Interview with Comedian Carlos Mencia
Mencia Will Perform in San Diego March 19th and 20th!
Comedian Carlos Mencia comes to San Diego
The American Comedy Club in San Diego is about to be invaded by Carlos Mencia, and we could not be more excited. Mencia's take-no-prisoners, nothing-is-off-limits style of comedy is welcome in a world where the phrase "politically correct" is uttered on every major news network at least once a day. We were lucky enough to speak with Mencia about his upcoming show, his comedic musings, and his opinion of a world where PC has gone mad. Fair warning, just like in Mencia's stand-up routines, explicit language is used. If you're easily offended by the occasional F-bomb, then this interview (and Mencia himself), is not for you. For everyone else, get ready for a deep dive into Mencia's mind!
What can you tell me about the writing process? What inspires your material?
It’s about feeling the pulse of the nation and trying to find a comedic joke or conversation, if you will, [that] people really are uncomfortable taking about. So instead of talking about it, we’re going to make it funny. I think of a premise and go onstage and talk about it. Onstage, I let all of it out and say whatever I think is funny. Then it has to pass the test of “is this something that is going to stay in my act for long periods of time, or is this something that is going to exist for a weekend or two?” And if it’s only going to exist for a weekend of two, then I just do what I think is the funniest—no growth, no editing—for a couple of weeks. If it does feel like something that has more of an emotional hook, more staying power, then I never stop working on it, I never stop tweaking it. Those [jokes] don’t go away until I do a special. Once I do a special, the jokes go away.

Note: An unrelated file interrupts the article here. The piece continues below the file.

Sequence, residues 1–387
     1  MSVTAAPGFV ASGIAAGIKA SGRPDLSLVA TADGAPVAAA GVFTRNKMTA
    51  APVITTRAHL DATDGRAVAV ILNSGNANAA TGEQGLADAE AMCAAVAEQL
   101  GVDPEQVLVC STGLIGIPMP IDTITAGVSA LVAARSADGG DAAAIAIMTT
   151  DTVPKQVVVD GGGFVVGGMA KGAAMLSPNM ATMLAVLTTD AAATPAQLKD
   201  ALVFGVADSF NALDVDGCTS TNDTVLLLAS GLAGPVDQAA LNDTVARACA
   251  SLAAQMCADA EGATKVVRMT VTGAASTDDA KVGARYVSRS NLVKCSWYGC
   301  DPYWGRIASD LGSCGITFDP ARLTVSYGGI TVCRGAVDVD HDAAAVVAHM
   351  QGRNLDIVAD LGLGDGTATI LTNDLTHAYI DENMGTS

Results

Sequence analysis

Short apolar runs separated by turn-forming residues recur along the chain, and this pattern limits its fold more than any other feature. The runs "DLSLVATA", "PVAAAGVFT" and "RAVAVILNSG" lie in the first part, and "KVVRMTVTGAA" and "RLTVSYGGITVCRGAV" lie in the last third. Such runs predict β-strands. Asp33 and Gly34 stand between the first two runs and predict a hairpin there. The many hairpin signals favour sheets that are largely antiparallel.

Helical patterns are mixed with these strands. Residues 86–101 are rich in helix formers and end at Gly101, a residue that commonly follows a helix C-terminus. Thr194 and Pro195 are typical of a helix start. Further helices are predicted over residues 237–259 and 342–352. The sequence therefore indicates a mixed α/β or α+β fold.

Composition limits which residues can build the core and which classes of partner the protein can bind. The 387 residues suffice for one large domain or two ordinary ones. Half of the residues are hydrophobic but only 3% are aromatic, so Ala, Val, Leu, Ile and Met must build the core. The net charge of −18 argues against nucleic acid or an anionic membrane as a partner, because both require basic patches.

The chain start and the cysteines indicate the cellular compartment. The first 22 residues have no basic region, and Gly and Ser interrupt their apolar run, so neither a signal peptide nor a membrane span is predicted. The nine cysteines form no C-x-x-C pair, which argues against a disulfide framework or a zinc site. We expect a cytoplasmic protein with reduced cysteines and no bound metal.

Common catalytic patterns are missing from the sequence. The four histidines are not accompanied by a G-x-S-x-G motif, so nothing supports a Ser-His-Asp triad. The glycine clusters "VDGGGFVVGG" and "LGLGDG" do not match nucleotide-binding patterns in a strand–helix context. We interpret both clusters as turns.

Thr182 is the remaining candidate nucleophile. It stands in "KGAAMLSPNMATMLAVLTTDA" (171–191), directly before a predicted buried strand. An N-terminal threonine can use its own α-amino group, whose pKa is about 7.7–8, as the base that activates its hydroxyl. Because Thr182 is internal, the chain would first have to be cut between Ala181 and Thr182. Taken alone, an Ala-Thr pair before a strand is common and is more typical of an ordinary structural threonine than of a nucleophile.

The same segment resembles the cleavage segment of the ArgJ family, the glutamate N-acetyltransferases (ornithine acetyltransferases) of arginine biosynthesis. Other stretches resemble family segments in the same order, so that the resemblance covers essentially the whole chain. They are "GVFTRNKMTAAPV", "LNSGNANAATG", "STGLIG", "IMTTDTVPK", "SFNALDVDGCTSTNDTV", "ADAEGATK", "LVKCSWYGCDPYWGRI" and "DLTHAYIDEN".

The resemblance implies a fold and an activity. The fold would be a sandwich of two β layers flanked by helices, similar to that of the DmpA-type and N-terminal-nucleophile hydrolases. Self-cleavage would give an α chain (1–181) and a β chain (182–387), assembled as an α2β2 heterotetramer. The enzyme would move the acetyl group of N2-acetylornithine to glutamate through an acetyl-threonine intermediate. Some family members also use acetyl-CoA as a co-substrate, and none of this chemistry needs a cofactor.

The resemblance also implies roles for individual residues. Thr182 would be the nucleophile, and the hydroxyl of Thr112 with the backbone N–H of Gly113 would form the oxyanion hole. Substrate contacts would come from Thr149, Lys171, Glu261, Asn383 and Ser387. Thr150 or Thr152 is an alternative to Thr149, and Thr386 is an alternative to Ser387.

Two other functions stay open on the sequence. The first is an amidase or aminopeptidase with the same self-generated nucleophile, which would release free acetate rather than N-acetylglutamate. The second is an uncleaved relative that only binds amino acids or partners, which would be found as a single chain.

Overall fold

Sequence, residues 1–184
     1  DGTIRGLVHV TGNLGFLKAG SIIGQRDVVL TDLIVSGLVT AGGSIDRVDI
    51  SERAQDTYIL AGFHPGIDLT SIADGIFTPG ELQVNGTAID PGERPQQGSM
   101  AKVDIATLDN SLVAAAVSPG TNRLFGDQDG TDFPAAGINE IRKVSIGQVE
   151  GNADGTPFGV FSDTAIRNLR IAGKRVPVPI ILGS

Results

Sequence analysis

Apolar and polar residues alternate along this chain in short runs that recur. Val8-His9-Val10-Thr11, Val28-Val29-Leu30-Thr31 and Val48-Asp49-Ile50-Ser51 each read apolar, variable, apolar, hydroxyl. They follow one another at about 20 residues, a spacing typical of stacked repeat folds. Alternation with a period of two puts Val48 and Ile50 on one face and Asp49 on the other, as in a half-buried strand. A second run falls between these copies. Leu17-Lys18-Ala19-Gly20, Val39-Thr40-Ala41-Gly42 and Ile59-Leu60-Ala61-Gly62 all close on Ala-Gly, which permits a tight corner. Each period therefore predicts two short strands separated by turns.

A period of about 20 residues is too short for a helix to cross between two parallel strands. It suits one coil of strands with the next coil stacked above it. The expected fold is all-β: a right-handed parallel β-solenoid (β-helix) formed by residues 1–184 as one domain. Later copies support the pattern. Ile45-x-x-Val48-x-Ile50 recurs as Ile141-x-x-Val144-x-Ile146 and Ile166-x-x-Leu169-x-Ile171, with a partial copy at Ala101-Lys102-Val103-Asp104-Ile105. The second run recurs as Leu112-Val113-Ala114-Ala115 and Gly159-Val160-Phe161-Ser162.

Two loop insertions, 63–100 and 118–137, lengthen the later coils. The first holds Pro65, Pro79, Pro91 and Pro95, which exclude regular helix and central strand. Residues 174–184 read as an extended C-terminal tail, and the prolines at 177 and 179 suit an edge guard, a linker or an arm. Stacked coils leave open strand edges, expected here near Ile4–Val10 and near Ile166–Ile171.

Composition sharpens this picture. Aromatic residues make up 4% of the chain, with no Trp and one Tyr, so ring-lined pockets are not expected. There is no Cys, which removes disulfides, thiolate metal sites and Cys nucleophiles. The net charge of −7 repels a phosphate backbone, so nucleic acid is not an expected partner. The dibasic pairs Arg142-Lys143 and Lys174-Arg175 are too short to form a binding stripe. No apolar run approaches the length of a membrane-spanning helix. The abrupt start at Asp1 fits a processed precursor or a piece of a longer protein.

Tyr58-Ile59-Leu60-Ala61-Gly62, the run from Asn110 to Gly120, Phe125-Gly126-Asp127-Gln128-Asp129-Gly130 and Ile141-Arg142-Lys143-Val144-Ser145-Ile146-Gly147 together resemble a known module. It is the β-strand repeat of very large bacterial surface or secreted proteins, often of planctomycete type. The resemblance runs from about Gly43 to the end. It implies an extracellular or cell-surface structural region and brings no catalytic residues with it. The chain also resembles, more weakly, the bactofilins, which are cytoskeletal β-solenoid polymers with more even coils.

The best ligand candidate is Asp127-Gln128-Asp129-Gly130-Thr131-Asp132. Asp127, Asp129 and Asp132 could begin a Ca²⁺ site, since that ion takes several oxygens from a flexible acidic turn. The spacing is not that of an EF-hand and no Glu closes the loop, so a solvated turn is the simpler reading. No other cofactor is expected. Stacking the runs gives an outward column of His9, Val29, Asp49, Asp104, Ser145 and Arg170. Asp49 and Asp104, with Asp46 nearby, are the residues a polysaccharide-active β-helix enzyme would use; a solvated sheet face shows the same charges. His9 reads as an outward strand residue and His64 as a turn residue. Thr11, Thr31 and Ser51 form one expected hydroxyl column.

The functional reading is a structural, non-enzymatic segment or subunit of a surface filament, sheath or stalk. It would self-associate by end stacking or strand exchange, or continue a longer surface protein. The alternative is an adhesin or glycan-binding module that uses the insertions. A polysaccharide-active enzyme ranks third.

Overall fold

My shows are all completely different. Now, some of the material might be the same, but the shows will be completely different. How I get into them, how I get out of them… It’s always an evolving thing, every single night. It keeps me fresh.
So then you don’t necessarily have your show finalized for when you come to San Diego?
Oh, god no! If you and I were talking literally seconds before they introduced me, I wouldn’t know what I was going to do. Every once in awhile, I’ll say to my friends “give me a topic that I can weave into the show tonight. Challenge me.”
Switching gears, the world has become very politically correct in the last few years. How has that impacted your comedy style?
Not [at all], whatsoever. For me, it’s not about being politically correct; it’s about being overly sensitive. It’s affected my shows in the sense that I now start all my shows by saying, “Hey, listen, don’t get offended by anything I say. This is a comedy show, we’re here to laugh. Nobody’s going to get hurt.”
I believe that context is such a relevant part of a conversation. I don’t let people’s problems and issues with their own stupidity, ignorance, hatred, or whatever, impact my show… This oversensitivity is bad. When I go up on stage, I don’t coddle my audience. I want them to experience an amazing show with real language and real life situations so that at the end of the show, you can walk away going “Oh my god, we laughed our asses off and nobody got hurt.”